It was at Phnom Kulen, then known as Mahendrapura, that Jayavarman II had himself consecrated supreme ruler in 802 (a date that is regarded as marking the start of the Angkorian period), thereby instigating the cult of the devaraja. Although ancient temples are scattered here and elsewhere in the Kulen Mountains, none of these can be visited due to the lack of roads and the danger of land mines. Instead, the main reason to visit Phnom Kulen, 50km north of Siem Reap, is to gawp at the massive reclining Buddha carved out of a huge rock in the sixteenth century, though once you’re here you may find yourself more taken with the piety of the Buddhist devotees who come to worship at a chain of shrines.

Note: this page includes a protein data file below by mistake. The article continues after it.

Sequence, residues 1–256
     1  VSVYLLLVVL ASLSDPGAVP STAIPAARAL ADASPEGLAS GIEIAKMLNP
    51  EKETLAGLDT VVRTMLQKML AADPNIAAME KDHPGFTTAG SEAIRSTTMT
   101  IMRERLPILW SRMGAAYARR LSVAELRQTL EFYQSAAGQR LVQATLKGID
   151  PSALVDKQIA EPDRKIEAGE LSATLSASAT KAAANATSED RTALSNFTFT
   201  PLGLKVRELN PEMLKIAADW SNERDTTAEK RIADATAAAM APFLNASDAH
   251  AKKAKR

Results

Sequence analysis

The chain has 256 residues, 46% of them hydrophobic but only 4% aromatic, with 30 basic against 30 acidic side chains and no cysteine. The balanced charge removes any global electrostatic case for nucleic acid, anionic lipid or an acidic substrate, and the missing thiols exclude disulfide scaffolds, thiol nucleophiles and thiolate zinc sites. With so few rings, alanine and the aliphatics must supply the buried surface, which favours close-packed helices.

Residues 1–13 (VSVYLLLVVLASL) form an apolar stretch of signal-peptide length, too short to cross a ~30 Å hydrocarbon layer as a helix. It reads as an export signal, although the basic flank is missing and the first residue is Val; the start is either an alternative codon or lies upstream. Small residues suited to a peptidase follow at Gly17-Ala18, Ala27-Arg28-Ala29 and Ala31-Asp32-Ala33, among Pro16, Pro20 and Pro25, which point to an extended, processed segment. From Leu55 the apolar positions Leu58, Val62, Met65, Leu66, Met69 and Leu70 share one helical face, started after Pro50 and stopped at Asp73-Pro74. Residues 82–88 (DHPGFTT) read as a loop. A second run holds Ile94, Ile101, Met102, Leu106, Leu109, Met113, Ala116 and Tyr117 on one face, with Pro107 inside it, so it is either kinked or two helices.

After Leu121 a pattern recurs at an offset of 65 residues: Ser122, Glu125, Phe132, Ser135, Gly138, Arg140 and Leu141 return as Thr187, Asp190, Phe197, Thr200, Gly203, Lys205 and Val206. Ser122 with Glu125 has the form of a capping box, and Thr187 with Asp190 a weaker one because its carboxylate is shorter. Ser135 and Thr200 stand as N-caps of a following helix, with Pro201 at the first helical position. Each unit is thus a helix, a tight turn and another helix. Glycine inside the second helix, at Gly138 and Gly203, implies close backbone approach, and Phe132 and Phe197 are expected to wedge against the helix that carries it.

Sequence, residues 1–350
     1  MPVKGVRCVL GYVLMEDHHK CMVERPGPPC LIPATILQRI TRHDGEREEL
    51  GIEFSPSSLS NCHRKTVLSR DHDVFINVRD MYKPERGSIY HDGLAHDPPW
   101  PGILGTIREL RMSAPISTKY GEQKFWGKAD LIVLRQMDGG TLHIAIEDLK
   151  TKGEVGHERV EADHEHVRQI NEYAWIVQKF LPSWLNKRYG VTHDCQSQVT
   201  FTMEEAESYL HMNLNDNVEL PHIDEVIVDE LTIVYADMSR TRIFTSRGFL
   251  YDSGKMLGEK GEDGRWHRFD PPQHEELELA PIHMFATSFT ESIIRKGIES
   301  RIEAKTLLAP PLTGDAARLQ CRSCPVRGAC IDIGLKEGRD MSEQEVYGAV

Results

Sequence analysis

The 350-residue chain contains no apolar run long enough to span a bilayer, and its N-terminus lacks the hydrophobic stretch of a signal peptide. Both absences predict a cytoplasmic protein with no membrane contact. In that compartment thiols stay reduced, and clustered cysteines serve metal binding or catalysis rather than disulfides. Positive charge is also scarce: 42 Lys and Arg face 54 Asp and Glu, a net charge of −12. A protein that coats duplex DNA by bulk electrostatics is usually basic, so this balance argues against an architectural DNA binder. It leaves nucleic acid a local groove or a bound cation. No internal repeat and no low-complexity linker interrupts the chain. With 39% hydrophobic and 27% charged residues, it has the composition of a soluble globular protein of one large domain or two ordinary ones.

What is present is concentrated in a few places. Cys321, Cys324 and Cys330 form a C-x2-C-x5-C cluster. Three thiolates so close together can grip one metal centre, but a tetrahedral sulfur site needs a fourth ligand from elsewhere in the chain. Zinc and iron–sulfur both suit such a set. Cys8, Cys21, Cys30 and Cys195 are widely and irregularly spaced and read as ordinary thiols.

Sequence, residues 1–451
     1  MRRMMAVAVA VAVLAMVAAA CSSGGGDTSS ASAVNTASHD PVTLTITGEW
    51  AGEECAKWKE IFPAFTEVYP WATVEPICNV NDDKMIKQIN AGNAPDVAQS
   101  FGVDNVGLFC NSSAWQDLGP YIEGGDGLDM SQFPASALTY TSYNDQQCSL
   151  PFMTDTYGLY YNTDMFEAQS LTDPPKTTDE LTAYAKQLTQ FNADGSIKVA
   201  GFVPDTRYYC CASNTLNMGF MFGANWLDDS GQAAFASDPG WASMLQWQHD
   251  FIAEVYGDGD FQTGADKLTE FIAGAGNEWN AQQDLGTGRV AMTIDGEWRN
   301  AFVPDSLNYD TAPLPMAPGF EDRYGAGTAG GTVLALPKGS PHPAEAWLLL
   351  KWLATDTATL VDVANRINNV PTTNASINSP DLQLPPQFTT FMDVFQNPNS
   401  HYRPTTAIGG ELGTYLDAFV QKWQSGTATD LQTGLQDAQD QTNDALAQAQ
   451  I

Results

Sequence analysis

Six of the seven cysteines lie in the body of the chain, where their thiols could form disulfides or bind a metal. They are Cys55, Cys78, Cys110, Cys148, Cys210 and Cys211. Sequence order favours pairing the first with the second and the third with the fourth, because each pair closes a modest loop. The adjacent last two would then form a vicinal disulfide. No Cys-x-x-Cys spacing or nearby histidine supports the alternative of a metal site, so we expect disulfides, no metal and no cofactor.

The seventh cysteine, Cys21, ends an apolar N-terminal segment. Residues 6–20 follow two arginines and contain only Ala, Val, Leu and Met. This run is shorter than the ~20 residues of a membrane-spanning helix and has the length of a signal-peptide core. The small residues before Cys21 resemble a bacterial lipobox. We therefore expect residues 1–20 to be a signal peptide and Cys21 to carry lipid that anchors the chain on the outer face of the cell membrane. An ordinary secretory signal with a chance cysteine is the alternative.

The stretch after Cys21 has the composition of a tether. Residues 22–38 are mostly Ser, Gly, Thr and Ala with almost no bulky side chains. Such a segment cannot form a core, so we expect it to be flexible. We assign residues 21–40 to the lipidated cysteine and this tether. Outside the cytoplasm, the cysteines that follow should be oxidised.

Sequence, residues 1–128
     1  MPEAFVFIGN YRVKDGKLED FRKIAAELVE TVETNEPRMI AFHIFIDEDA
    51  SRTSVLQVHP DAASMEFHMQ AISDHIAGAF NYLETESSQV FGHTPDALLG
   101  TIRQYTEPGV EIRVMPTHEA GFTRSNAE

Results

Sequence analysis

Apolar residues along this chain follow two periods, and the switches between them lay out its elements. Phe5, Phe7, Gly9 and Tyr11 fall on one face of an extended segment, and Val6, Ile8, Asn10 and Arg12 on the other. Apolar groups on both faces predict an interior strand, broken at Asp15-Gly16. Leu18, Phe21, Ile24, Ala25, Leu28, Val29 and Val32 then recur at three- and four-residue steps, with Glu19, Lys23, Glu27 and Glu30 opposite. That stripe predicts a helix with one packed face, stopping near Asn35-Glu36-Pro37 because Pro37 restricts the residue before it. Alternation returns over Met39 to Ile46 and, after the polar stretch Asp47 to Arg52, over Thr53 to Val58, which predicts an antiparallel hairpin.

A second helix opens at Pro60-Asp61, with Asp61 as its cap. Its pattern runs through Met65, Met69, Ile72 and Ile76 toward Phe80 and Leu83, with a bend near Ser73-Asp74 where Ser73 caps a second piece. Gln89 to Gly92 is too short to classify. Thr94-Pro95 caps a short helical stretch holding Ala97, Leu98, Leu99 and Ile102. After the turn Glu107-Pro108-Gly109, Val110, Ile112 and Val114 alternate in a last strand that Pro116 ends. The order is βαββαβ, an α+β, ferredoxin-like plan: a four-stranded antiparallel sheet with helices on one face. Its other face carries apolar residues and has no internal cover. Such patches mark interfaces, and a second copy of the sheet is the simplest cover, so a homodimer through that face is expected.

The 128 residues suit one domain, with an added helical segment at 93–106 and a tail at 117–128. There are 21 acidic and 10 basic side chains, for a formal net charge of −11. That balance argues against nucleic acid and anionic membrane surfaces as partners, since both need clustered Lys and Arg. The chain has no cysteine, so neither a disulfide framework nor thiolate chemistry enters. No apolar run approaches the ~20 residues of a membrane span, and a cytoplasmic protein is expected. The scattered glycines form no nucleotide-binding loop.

You don’t need an Angkor entry pass to visit Phnom Kulen, but foreign visitors are charged a hefty $20 to visit the site; this, coupled with the cost of hiring a vehicle ($20–50, depending what kind of vehicle and who you hire it from), will keep all but the most dedicated explorers from visiting.
The area was heavily mined by the Khmer Rouge and although HALO are working there now, it has yet to be fully cleared, so you shouldn’t wander off to locations other than those described below unless you have an experienced local guide.